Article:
The play is set in Fort Biloxi, a "boot" camp for draftees in Mississippi in 1943. There, raw conscr1pts, including our narrator (autobiogapher) Eugene, are being trained for D-Day or the Pacific islands and while some relish the hard yet simple army routine, others have to come to terms with accepting an uncivilised means of achieving a civilised end: an ongoing Amencan dilemma, perhaps? At the same time, these young men have to deal with the more particular prohlems posed by sexual need and responsibility, trust and betrayal, comradeship between opposites in character and yes, even wartime romance.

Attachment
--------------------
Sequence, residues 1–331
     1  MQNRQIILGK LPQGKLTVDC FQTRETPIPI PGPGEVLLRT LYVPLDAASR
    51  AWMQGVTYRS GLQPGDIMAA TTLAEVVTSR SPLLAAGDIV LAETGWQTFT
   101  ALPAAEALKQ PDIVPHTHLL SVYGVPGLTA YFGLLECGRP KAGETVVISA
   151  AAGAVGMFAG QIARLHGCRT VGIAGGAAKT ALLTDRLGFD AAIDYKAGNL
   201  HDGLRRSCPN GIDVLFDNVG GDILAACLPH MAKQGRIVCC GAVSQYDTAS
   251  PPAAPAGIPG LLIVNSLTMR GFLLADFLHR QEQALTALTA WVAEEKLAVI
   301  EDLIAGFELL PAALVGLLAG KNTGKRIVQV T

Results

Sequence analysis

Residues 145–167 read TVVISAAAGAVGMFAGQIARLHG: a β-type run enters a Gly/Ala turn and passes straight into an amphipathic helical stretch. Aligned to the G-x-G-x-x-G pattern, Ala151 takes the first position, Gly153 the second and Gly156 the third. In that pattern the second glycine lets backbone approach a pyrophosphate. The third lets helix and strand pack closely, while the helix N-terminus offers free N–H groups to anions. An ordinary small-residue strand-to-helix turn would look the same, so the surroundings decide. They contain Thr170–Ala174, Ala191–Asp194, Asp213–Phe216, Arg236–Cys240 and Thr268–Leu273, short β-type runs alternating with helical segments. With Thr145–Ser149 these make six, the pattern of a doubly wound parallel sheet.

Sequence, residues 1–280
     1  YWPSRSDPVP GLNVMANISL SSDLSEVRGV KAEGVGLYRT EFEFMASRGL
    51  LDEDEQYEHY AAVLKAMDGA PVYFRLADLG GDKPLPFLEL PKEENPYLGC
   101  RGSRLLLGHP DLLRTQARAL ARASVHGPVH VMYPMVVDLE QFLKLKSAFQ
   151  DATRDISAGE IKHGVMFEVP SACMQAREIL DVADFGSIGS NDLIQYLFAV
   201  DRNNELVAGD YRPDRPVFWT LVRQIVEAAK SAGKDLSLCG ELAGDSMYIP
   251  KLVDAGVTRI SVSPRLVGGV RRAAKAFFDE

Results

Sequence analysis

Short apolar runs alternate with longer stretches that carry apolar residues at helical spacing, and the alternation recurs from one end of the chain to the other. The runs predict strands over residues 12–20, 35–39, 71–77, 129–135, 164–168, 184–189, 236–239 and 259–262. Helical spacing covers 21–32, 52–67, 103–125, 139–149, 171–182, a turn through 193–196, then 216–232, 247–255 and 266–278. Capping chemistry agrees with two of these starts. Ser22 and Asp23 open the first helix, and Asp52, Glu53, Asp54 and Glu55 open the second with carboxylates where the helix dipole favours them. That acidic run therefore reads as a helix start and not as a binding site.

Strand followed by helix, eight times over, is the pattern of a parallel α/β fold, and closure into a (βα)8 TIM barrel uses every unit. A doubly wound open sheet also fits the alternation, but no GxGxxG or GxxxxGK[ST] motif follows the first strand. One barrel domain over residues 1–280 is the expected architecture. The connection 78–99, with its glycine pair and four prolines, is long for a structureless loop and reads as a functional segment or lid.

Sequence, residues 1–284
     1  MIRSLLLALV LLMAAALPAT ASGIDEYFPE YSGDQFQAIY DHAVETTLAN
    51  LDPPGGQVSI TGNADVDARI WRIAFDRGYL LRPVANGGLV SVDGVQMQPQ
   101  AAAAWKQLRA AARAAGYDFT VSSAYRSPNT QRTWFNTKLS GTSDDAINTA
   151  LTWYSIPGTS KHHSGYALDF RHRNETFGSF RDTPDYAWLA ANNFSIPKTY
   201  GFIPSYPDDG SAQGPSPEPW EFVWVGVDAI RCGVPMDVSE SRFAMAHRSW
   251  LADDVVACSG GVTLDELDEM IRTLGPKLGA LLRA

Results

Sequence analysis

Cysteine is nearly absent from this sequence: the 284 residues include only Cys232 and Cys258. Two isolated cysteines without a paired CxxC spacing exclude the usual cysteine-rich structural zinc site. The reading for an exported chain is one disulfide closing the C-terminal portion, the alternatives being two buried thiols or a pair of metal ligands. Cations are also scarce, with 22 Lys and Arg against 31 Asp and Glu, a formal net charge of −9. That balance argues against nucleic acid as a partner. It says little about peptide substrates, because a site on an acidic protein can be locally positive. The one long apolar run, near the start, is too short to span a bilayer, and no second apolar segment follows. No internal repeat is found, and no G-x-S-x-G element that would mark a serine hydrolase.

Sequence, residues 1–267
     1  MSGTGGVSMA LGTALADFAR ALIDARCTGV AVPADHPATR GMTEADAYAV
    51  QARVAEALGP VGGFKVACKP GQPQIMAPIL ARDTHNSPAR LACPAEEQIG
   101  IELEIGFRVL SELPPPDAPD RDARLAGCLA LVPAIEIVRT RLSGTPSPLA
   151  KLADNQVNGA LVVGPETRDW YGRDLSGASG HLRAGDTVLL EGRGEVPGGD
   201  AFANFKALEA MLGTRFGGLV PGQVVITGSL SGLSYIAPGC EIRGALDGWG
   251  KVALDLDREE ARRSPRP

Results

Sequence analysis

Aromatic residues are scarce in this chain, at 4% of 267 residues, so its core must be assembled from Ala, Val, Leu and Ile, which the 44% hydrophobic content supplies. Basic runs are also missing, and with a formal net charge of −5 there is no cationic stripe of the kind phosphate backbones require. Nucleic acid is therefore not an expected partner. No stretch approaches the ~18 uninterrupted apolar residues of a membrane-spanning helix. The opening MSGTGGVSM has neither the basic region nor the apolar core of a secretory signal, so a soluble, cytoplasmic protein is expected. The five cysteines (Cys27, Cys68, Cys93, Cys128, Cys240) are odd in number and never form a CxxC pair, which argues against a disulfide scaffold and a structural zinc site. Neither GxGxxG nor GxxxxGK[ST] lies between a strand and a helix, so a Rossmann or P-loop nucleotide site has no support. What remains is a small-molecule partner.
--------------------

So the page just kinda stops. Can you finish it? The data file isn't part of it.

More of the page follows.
So much for the play - what about the production? Well, I don't think I really have the words to do justice to Martin Buttery's excellent directorial debut. All I can say is that he is clearly as good a director as he is a performer. Admittedly, he was heIped by a credibIe barracks set (Jude Chalk) and the staging was flexible enough to transform, almost unnoticeably, from and to the opening and closing scenes in a railway compartment. Some might say that the extra settings of the tart's boudoir and the exterior romantic promenade should have been better realised but I think I would disagree with them. Stage trucks can be distracting when wheeled around. In any event, I felt I was there and that's what matters to me. Moreover, the scene changes were among the best I had seen at the Tower. Due appreciation must go therefore to the whole crew led by Lesley Scarth and Moira McSperrin.